Energy storage technology would make wind energy a very attractive option
CAPE TOWN – “Small scale” embedded power generation investment in wind, biogas, biomass and municipal solid waste holds great potential in this country, Mineral Resources and Energy Minister Gwede Mantashe said at the opening of the Windaba Conference in Cape Town on Tuesday.
Energy storage technology would make wind energy, coupled with storage, “a very attractive option going into the future”.
However, he reiterated the government’s continued support of coal-based power sources that are coming under fire internationally, due to their massive damage to the environment – carbon capture and storage, underground coal gasification and other clean coal technologies would be critical to enable South Africa to continue to use coal in an environmentally responsible way, said Mantashe.
He said however a significant thermal energy load still needed to be provided for, by providing solutions side by side by with off-grid technologies, particularly in areas that were too remote to build grid-based infrastructure.
Grid security could also be improved by diversifying the generation points through smaller generators spread across the landscape.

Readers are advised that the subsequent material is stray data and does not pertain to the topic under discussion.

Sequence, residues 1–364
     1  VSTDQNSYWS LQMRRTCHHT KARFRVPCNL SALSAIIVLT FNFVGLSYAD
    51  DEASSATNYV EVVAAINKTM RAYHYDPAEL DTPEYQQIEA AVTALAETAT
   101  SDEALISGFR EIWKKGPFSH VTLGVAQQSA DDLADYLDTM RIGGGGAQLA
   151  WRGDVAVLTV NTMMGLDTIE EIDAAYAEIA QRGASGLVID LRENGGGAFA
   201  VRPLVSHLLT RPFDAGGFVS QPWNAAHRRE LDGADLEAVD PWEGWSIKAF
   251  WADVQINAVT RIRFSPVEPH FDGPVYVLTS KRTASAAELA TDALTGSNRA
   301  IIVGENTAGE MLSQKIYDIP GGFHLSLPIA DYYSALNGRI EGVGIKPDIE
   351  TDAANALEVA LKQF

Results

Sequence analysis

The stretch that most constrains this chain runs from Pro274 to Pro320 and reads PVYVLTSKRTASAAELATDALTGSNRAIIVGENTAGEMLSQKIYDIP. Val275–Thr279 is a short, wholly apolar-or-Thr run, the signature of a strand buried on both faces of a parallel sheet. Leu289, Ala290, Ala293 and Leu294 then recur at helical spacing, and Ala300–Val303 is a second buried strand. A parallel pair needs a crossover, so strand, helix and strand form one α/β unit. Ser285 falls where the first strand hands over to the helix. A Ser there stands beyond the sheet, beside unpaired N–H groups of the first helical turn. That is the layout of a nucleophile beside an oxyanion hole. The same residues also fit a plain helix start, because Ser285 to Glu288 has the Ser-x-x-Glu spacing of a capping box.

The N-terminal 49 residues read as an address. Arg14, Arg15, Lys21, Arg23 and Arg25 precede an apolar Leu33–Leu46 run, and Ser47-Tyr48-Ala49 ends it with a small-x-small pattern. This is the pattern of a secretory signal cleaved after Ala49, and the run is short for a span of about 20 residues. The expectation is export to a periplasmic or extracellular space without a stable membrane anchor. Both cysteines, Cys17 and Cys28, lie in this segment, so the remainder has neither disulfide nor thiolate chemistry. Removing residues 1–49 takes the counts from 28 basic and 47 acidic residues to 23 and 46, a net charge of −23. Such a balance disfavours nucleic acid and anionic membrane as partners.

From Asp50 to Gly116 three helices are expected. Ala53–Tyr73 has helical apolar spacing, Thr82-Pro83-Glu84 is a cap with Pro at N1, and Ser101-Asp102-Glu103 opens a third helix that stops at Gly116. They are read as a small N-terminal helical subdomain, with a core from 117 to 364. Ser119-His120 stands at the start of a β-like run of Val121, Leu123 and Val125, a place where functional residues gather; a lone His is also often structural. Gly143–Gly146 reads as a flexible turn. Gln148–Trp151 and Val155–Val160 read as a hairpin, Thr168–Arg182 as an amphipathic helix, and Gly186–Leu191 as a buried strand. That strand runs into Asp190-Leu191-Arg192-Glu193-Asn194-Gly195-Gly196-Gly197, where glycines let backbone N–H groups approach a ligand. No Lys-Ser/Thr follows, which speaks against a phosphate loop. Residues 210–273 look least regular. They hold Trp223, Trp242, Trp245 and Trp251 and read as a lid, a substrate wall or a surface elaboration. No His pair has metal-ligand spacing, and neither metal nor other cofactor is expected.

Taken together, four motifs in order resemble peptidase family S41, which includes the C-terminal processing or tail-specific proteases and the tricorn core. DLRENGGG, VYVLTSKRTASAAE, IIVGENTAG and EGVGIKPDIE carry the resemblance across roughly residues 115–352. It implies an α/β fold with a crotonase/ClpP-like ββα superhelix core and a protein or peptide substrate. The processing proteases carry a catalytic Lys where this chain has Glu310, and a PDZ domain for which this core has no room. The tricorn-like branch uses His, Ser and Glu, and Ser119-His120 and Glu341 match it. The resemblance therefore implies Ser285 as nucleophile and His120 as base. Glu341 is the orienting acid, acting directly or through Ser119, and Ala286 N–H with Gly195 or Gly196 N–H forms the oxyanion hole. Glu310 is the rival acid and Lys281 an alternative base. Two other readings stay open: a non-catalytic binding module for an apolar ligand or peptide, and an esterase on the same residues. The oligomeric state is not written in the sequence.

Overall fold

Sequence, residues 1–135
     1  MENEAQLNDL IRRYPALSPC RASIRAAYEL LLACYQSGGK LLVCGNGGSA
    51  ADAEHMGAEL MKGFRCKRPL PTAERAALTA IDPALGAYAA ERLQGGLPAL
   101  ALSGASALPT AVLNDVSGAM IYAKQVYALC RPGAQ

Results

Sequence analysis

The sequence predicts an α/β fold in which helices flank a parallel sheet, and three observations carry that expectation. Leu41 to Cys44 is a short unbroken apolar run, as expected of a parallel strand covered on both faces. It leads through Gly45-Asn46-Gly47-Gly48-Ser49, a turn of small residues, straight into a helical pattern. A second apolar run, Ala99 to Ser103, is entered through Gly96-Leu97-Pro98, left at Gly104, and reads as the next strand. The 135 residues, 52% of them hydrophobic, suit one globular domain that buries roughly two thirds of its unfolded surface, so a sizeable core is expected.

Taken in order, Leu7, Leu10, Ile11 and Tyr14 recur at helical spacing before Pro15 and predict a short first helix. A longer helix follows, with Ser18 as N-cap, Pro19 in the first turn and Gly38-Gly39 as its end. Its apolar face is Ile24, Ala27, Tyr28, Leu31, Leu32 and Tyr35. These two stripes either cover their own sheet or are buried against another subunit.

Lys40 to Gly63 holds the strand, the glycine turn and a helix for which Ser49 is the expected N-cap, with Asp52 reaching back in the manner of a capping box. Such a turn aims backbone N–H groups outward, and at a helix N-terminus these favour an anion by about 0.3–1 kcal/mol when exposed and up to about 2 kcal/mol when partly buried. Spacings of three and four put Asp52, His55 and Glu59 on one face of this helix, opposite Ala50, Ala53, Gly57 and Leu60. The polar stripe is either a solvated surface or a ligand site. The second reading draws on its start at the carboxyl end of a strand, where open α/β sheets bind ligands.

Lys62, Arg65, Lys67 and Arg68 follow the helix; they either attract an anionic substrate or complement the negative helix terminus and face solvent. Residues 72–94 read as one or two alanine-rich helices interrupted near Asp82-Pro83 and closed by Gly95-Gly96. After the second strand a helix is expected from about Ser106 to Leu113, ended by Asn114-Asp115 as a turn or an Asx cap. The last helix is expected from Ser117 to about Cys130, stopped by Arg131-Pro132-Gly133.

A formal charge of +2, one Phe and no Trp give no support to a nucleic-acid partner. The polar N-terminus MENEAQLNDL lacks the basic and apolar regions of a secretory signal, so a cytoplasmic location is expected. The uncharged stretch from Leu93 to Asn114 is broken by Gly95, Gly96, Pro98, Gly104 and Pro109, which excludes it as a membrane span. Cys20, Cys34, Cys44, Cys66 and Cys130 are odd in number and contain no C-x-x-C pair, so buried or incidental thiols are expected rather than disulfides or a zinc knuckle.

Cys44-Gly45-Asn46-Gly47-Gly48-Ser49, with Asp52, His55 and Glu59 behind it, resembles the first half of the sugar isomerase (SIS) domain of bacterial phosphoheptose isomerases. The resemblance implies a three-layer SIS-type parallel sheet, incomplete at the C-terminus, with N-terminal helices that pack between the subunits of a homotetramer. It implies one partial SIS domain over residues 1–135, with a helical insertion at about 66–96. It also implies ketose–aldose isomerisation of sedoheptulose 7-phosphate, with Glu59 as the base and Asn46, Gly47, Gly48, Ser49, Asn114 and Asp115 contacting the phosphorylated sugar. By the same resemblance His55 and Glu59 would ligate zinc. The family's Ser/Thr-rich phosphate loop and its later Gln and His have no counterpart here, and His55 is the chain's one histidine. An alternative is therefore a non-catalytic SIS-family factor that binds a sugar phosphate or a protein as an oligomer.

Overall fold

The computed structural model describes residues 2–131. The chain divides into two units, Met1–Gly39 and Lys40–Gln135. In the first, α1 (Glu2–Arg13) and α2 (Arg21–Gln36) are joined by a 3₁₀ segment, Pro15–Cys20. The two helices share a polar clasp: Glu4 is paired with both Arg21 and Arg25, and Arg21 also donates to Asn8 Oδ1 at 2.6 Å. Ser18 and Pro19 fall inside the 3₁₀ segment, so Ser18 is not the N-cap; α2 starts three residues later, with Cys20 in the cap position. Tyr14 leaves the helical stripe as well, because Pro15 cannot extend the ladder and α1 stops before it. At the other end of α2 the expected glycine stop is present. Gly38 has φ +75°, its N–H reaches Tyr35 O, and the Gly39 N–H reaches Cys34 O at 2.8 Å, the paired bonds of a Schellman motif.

“Coal, imported hydro, nuclear, wind, solar, biomass, storage and energy efficiency are the technology options that have been weighed on their respective merits. We must disabuse ourselves of the polemic to pit renewables against coal and nuclear, and vice versa,” he said.
Eight thousand megawatts of new renewable energy capacity have been procured in South Africa and solar PV and wind had seen the most rapid decline in costs, which were now competitive with conventional power generation sources, he said.
Ntombifuthi Ntuli CEO of the South African Wind Energy Association (SAWEA), said Southern Africa was becoming a top global wind energy destination.
According to estimates by the Global Wind Energy Council, the Southern African
Development Community (SADC), a region of 16 countries, had a wind energy potential of around 18 gigawatt, or one third of the region’s current power pool, said Johan van den Berg, head of the Africa-EU Energy Partnership (AEEP) Secretariat.
The East Coast of Africa from northern Mozambique to Kenya, had big wind-power potential, as did Mauritius, Zambia, Namibia and Tanzania, he said.
South Africa, however, remained Africa’s top wind energy leader. Between its inception in 2011 and March 2019, The country’s Renewable Energy Independent Power Producer Procurement (REIPPP) programme had procured 3 366 megawatt from 36 independent wind power producers, attracting R80.6 billion of investments since 2011,” said Ntuli.
A strong political will has been crucial in these achievements, Ntuli said.
The 2019 Windaba, taking place in Cape Town this week in partnership with the Global Wind Energy Council, has been dubbed Africa’s premier wind energy platform.